Five Takeaways from Spurs’ Game 1 Beatdown of Grizzlies


The San Antonio Spurs showed why they are serious title contenders in the first game of their playoff run, blowing the doors off the Memphis Grizzlies by a score of 111-82.

The Spurs started slow, but put on a clinic in the final three quarters en route to victory. San Antonio’s suffocating defense helped turn the game around, and Kawhi Leonard led the charge on offense. Tony Parker had a vintage performance, LaMarcus Aldridge kicked in 20 points, and the Juice Unit closed the game out, allowing the starters to get some rest.

Slow Start:

Memphis’s strategy from the jump was simple but effective; run the offense through their two best players. Marc Gasol and Mike Conley started the game a scorching-hot 9/10 from the floor, pushing their team to a 13-point lead early in the game. Tony Parker had a difficult time staying with Conley defensively, and the younger Gasol was completely dominant.

For the Spurs, the early focus seemed to be on getting guys like Parker and LaMarcus Aldridge involved and in a groove early. San Antonio trailed 22-9 seven minutes into the game, but Kawhi and the Spurs’ bench started to chip away once Conley subbed out. The Spurs’ MVP candidate was effective in limited touches. Kawhi shot 5/5 from the floor with four assists in the quarter.

Danny’s Defense:

Danny Green has two pet snakes, boa constrictors to be more specific. The boa constrictor kills by wrapping itself around its prey and literally squeezing the life out of it. Green looked like one of his pets on Saturday night, twisting the Spurs’ defensive vice tighter and tighter to suffocate the Memphis offense in the latter stages of the game.

After Conley had his way with Parker in the first quarter, Coach Popovich decided to give Green the all-important defensive assignment. Conley shot just 1/10 after Green became his primary defender, and the rest of the offense suffered because their primary playmaker was neutralized. Marc Gasol got his, posting 32 points in 34 minutes, but he can’t set up teammates the way his point guard can. The Grizzlies offense stalled out completely.

Playoff Parker:

Many wondered if Tony Parker was going to be able to “flip the switch” and turn up his scoring in the playoffs. If this game is any indication, the answer might be yes. He looked like his old self as he attacked the rim aggressively and scored 18 points on 8/13 shooting.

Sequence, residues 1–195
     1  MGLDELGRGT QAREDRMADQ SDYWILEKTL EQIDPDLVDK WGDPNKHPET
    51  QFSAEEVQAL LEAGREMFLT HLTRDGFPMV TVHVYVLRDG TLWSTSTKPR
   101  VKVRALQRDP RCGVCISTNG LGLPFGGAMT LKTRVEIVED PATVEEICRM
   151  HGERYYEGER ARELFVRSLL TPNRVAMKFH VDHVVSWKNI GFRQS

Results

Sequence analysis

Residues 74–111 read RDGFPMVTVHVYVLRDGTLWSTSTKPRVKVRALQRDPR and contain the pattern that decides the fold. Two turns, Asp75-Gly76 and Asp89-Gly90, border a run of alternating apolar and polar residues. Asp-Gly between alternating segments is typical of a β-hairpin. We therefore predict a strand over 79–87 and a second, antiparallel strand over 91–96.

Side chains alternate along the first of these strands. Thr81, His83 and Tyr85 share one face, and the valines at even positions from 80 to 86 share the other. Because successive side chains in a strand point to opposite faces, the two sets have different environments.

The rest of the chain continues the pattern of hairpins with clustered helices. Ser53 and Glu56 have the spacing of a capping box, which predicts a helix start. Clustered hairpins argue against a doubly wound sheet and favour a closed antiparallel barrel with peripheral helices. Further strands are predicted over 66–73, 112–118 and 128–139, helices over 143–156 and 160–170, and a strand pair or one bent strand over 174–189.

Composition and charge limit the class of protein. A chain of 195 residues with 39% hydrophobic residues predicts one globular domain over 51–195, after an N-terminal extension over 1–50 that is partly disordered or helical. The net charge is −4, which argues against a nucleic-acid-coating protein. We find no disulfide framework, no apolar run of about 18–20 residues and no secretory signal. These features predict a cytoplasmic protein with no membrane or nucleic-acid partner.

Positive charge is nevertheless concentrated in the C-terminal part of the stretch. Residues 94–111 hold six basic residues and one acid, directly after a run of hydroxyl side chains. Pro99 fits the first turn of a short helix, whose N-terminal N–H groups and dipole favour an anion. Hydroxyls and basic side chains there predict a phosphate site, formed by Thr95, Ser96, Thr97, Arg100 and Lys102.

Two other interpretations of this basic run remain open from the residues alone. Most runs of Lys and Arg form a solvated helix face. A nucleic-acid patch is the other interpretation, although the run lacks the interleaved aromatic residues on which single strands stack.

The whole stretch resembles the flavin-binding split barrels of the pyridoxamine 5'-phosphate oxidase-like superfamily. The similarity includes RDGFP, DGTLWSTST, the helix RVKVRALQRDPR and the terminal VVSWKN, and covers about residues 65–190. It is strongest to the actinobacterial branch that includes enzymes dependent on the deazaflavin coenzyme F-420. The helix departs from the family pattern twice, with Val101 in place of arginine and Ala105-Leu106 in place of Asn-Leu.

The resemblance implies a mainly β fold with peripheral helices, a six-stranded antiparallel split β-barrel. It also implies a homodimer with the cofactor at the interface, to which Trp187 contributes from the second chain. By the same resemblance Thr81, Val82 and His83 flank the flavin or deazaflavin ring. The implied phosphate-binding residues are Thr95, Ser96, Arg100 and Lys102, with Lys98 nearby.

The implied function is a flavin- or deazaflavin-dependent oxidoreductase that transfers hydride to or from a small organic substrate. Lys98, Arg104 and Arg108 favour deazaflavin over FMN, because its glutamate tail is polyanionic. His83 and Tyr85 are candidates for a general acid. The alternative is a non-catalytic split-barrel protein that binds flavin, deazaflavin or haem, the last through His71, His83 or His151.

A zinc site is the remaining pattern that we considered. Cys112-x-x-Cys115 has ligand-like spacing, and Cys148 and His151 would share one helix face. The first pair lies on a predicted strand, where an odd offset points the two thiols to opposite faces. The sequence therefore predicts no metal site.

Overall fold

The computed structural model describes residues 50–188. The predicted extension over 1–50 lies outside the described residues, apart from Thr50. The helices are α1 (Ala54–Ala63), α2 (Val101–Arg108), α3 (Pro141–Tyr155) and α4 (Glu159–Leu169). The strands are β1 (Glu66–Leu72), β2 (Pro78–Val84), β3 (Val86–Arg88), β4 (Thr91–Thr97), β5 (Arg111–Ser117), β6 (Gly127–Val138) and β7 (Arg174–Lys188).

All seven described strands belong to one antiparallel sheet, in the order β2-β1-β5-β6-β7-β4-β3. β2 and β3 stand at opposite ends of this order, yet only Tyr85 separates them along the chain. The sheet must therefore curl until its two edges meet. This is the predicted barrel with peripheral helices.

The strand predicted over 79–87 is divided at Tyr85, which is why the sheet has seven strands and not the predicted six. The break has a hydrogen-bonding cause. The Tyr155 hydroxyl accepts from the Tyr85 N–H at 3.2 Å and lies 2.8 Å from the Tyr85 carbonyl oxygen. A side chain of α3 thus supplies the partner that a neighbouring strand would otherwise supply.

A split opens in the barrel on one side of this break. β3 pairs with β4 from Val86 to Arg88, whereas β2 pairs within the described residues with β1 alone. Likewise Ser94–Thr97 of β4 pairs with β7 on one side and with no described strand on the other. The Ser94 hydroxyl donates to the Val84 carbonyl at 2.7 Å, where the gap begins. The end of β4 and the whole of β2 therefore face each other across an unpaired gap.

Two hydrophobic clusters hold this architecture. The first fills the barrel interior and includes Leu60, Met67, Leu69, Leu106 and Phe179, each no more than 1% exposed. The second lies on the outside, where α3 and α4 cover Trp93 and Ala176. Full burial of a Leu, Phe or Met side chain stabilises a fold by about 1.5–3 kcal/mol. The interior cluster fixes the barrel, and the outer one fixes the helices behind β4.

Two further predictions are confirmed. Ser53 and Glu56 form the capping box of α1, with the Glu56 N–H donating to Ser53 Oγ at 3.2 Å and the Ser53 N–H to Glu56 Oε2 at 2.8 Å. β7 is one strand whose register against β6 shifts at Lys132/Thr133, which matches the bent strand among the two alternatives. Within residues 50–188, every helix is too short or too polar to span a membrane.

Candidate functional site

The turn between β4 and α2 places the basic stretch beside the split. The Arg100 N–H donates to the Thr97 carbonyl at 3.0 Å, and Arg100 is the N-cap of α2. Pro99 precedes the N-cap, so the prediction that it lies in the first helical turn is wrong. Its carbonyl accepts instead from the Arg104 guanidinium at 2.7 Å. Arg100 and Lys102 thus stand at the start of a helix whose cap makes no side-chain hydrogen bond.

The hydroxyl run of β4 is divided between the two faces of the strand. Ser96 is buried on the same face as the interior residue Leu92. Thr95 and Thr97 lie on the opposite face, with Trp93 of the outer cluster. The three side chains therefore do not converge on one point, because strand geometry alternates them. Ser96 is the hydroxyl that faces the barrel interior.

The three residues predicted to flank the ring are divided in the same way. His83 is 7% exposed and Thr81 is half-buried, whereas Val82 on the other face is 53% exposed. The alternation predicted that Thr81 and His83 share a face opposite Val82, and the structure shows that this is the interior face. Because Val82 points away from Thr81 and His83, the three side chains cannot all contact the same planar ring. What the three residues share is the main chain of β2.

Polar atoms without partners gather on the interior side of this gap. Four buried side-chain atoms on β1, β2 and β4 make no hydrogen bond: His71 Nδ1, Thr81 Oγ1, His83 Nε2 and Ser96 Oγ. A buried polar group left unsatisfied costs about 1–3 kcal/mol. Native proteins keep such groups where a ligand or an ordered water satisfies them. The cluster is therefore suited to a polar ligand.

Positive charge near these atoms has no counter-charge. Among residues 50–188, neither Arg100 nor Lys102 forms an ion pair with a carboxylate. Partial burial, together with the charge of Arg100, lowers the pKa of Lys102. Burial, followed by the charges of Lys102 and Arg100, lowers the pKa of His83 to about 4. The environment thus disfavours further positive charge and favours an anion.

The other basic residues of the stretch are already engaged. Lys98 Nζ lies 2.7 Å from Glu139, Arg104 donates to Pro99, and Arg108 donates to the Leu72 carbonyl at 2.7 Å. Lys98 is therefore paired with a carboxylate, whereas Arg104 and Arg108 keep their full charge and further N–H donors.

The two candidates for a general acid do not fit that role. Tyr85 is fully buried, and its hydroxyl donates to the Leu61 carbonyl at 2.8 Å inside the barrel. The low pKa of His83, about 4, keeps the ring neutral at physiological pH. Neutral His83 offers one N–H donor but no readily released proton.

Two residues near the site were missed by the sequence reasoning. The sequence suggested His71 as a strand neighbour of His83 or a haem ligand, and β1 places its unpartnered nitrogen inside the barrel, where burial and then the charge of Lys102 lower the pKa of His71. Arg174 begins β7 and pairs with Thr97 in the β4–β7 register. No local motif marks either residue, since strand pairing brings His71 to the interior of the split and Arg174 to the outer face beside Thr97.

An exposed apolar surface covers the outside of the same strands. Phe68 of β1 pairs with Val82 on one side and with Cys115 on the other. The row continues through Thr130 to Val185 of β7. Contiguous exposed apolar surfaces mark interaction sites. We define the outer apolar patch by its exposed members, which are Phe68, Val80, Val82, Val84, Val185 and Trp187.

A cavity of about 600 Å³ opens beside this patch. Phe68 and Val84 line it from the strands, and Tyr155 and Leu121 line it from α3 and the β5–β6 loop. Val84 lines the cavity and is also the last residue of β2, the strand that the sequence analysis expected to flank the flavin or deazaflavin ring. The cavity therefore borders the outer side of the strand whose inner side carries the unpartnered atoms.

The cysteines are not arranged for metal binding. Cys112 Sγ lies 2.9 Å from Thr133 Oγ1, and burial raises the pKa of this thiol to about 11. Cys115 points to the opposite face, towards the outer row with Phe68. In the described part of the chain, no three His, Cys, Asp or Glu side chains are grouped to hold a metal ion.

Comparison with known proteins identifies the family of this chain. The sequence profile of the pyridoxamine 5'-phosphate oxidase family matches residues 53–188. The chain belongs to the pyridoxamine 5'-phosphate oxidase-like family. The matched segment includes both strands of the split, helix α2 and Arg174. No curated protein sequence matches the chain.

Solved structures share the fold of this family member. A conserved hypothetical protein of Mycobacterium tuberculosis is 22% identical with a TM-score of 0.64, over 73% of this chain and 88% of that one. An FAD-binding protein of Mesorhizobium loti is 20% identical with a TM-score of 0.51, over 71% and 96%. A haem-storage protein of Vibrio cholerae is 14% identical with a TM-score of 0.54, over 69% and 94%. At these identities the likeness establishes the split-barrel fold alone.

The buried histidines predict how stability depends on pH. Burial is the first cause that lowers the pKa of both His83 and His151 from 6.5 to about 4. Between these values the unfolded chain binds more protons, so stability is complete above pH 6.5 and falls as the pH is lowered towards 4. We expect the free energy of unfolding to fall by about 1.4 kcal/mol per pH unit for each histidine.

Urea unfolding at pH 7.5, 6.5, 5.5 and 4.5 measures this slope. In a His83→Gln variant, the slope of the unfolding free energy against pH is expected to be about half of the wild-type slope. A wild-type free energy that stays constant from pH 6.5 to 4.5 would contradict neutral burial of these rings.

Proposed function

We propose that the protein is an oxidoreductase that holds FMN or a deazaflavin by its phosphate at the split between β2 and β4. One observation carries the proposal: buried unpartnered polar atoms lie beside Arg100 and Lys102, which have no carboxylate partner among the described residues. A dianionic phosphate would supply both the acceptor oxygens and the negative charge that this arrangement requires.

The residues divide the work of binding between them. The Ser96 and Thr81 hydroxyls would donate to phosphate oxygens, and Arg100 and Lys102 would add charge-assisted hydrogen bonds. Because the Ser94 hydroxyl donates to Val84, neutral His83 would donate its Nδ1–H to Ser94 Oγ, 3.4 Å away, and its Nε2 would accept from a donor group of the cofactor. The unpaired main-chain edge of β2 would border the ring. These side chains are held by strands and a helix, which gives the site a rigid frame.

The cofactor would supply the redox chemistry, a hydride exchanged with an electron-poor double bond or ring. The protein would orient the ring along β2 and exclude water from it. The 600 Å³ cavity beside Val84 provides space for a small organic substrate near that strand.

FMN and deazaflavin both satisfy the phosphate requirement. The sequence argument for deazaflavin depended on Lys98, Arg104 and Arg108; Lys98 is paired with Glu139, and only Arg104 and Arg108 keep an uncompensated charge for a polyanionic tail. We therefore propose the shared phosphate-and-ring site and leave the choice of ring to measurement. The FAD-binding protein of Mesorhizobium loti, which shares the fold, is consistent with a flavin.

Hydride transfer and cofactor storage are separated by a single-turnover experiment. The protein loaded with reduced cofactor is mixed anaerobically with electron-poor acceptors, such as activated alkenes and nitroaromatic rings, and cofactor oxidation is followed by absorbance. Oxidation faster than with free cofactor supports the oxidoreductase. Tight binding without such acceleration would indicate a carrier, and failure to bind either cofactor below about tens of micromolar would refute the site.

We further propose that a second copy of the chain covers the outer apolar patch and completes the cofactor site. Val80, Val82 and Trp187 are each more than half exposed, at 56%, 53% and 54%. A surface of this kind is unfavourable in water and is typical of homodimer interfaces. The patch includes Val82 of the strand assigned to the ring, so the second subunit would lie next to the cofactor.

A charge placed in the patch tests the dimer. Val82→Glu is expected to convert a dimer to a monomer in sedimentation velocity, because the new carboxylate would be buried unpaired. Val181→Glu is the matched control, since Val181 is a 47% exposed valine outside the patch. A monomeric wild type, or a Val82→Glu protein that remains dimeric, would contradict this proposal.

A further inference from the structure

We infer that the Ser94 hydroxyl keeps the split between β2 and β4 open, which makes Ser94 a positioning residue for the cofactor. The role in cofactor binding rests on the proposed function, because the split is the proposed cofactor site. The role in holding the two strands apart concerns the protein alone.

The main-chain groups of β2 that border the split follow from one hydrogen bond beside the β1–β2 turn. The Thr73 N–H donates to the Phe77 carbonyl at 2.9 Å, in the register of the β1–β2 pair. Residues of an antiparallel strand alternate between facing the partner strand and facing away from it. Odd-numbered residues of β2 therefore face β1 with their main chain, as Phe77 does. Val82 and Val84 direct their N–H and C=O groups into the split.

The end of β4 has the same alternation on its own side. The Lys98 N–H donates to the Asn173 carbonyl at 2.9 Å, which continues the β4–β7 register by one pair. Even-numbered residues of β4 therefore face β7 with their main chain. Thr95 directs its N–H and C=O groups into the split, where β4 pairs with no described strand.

He hit a few clutch shots to take the lead when the game was still close, and it was all working from the paint to the corner and everything in between. He used his patented teardrop floater to pass Larry Bird on the playoff scoring list, moving to ninth all-time.

If Parker can continue to score and reliably knock down open threes, it makes his team that much more dangerous as the playoffs continue.

Killer Kawhi:

Leonard must have been licking his chops knowing that Tony “First Team All-Defense” Allen would miss this series. Leonard put up 32 points in Game 1 on just 14 shots, shredding any defender that tried to get in his way. He added a team-high five assists and two steals, showing why he’s considered one of the best all-around players in the world.

Leonard scored in a multitude of different ways, drilling pull-up jumpers and fadeaways, getting to the rim, and finishing near the basket with crafty hook shots. He also made all nine of his free throw attempts. Memphis simply did not have an answer for Kawhi.

He took the game over in the third quarter, upping his usage rate to 35% and willing the ball into the basket. His offensive onslaught combined with a total team effort on the defensive end of the floor put San Antonio up 20 headed to the fourth quarter.

Jumpin’ Juice:

The starters played well enough to earn some late rest, and the young Spurs got a chance to seal a win in the fourth quarter of a playoff game. The Juice Unit came out ready to play, building the lead up to 36 in spectacular fashion. The star of garbage time was undoubtedly Jonathon Simmons, who brought the juice on both ends.

Few things are as enjoyable as watching Simmons take flight with angry intentions. He brought the fans to their feet multiple times in the blowout, especially  when he delivered one of the chase-down blocks he’s gotten so good at. It looked like he was personally offended that the rookie Selden came in his house with that weak stuff.

Davis Bertans and Bryn Forbes each nailed a three, and it turned into a full-on block party as Dewayne Dedmon and Kyle Anderson each got up there to swat late-game attempts from the Grizzlies.

After the hot start by Memphis, San Antonio closed the game on a 102-60 run. Towards the end it was almost mean of the Spurs to continue piling on, but any good playoff series should have some meanness to it. If the Grizzlies don’t figure something out fast, San Antonio will bully them right out of the postseason.


Please enter your comment!
Please enter your name here

thirteen + two =